My date with Raven was a nice experience. We had a lot in common though it all felt platonic. At the end of the night, we exchanged numbers, and I wouldn't mind hanging out with her again. She seems to be a lot of fun to be around.


20.49 | 0 komentar | Read More

Hey pet owners, stop leaving Fido tied-up while you shop!

On a chilly Saturday night in the West Village, Gia Russo, 35, spotted a French bulldog tied up outside restaurant Louro. But when she inquired with the host inside, none of the patrons appeared to be the pet's owner.

"[The dog] was sitting out there for a very long time in the extreme cold," gripes Russo, a dog-owning attorney from Hoboken, NJ, who eventually received a text from the host confirming that the Frenchie had been retrieved by its owners. "As an animal person, you can't not say something."

Pet pooches tied up on the sidewalk are as frequent a sight in NYC as yellow cabs or corner bodegas — but
recent subfreezing temperatures have got some New Yorkers lashing out at dog owners they consider negligent for leaving Fido exposed to the elements unattended.

"I saw a beagle tied up outside of a cafe the other day — it had only six inches of leash to its tether, was standing on a piece of ice, and it was whining," Jaime Brandenstein, a design director who lives in Fort Greene, Brooklyn, recalls. "So I went into the coffee shop and asked around."

When a woman admitted to being the owner, Brandenstein, 34, told her that her dog was crying. But the owner dismissed her concerns.

"She said, 'Thanks for letting me know,' then turned away from me," Brandenstein angrily remembers.

Photo: Getty Images

Despite her outrage over the situation, Brandenstein says she does tie up her own dachshund outside from time to time — but only if the weather permits and if she can keep an eye on her pooch from indoors.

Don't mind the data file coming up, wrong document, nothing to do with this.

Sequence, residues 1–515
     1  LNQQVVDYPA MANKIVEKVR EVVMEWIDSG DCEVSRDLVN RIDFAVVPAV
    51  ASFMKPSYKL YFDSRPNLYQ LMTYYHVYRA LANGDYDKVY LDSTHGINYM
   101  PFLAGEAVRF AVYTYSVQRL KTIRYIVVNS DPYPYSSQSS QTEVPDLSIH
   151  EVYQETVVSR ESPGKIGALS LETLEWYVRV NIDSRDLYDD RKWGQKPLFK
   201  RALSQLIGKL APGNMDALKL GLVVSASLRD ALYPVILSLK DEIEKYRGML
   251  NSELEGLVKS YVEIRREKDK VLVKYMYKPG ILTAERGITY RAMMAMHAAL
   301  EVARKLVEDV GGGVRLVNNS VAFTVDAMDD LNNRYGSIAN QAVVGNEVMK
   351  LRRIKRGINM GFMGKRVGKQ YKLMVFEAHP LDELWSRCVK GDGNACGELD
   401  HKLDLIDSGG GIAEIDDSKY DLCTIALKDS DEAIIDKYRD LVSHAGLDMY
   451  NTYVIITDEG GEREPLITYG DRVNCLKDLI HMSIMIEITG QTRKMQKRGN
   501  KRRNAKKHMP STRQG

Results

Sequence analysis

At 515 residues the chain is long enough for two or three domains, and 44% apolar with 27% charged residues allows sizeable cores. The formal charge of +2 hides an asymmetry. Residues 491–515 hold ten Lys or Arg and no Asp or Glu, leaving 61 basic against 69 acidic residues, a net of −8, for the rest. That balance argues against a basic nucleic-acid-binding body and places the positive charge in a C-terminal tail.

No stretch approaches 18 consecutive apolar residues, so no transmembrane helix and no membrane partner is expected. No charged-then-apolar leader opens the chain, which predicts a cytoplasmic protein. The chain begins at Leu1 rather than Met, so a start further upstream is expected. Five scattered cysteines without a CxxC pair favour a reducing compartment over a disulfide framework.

"It crosses the line when you don't have a visible line of sight or when you're tying them up in the cold," she concludes.

Michelle Wakefield, 47, partner at Cowgirl Hall of Fame in the West Village, knows that her customers are often accompanied by their pups — and goes the extra mile to make sure the pets are happy and healthy.

"We have a bench out front that people will tie their dogs to," Wakefield says. "If someone wants food to-go, then they can tie up their dog outside, come in to order, and we will bring the food out to them."

Leaving your pooch outside for too long can have dire consequences, especially when the temperatures dip and spike in the winter and summer, respectively.

Photo: Getty Images

"If an animal is shivering, it's at risk of being hypothermic," says Dr. Mark Gibson, medical director and owner of Animal Kind Veterinary Hospital in Park Slope. "Huskies and sled dogs may be perfectly fine, but a short-haired breed can freeze to death."

In the summer months, dogs at risk of overheating show signs such as excessive panting or difficulty breathing, drooling and vomiting, according to the ASPCA.

Of course, there are concerns other than the weather when it comes to leaving your pet unsupervised.

The American Kennel Club reports that 637 dogs were "dognapped" across the nation in 2014.

For puppy parents who still opt to tie up their furbabies, sidewalk confrontations may be the least of your worries.

"These days, if you see an animal shivering in the cold it's not long before someone calls the NYPD to investigate," Gibson adds. "And let me tell you, the police take animal abuse very seriously."


18.18 | 0 komentar | Read More

Rob Schneider’s daughter Elle King debuts first rock album

Buying fake IDs and getting into bars are priorities for most adolescents. But when Elle King was a teen, she didn't just do it to party — she did it to perform.